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Chapter 5 : Postpartum Endometritis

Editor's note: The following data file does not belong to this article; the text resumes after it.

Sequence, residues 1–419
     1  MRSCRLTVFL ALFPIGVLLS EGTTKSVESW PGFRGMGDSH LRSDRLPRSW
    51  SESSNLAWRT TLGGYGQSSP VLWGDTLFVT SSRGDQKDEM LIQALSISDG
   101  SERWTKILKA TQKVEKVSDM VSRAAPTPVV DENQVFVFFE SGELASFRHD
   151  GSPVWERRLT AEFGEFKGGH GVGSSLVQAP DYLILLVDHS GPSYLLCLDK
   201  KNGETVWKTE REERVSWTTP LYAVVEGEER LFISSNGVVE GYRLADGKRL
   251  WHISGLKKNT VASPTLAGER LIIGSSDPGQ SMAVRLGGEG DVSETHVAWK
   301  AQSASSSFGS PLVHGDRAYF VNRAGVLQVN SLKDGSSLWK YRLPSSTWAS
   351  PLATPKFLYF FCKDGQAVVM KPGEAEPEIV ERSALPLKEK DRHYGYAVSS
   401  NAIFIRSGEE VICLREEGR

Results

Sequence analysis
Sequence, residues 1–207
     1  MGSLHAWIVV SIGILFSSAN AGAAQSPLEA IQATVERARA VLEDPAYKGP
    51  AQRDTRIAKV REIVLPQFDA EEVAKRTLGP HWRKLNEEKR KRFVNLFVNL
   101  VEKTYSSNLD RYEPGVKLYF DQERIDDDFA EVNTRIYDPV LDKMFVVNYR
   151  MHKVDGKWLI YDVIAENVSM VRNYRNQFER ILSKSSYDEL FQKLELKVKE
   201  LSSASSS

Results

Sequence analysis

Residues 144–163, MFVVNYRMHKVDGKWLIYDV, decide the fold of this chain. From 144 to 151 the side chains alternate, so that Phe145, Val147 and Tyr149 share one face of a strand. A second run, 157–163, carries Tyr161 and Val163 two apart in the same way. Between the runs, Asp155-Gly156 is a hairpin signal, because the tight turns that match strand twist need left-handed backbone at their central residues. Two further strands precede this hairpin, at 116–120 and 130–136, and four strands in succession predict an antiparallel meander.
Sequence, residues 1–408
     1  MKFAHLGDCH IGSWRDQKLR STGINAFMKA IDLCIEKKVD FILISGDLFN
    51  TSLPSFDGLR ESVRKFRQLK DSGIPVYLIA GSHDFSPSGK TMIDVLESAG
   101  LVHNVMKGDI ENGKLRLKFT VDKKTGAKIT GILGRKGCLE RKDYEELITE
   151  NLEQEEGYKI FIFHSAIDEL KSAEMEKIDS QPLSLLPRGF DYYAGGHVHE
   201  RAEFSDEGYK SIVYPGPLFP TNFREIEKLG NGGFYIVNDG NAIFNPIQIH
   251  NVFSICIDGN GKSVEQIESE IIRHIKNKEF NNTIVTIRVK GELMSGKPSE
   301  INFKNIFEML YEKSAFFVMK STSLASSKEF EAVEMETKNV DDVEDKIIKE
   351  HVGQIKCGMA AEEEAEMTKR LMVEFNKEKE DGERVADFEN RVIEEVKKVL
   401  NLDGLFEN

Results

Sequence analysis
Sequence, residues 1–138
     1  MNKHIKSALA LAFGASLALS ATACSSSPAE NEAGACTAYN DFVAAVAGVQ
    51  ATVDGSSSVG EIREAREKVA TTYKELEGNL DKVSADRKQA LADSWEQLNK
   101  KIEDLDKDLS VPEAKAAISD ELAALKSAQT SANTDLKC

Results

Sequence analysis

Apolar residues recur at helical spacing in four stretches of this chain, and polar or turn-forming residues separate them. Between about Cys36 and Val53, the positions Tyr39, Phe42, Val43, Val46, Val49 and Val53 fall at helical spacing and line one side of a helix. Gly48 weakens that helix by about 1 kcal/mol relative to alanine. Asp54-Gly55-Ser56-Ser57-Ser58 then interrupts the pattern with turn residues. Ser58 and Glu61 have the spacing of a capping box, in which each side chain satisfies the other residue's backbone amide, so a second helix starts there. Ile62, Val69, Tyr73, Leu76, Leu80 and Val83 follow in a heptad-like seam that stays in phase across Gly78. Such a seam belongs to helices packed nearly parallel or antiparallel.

This chapter focuses on postpartum endometritis, especially the role of sexually transmitted organisms or syndromes and the adverse effects of these infections on the reproductive health of young women. Bacteremia is complicated by septic shock in 20 to 50% of medical and surgical patients compared to 0 to 12% of obstetric patients. The mortality rate among endometritis patients with bacteremia ranges from 0 to 4.3%; if septic shock occurs, mortality ranges from 0 to 67%. A large number of risk factors for postpartum endometritis, including labor, rupture of membranes, number of vaginal examinations, use of an internal fetal monitor, low parity, general anesthesia, skill of the surgeons, duration of surgery (>60 min), estimated blood loss (>500 ml), postoperative anemia, positive amniotic fluid culture, vaginal or cervical colonization with a variety of microorganisms including sexually transmitted organisms, absence of amniotic fluid-inhibiting factor(s), failure for labor to progress, and delivery by cesarean section, are evaluated. The use of internal fetal monitoring has been accompanied by concerns about increased intrauterine infection both pre- and postdelivery. The presence of virulent bacteria, including genital mycoplasmas, in the amniotic fluid is a significant risk factor for the development of postpartum endometritis, especially post-cesarean section. The use of antibiotic prophylaxis immediately after cord clamping has been demonstrated to dramatically reduce the incidence of postpartum endometritis following cesarean section. Bacterial vaginosis is a vaginal condition associated with increased concentrations of anaerobic bacteria and G. vaginalis.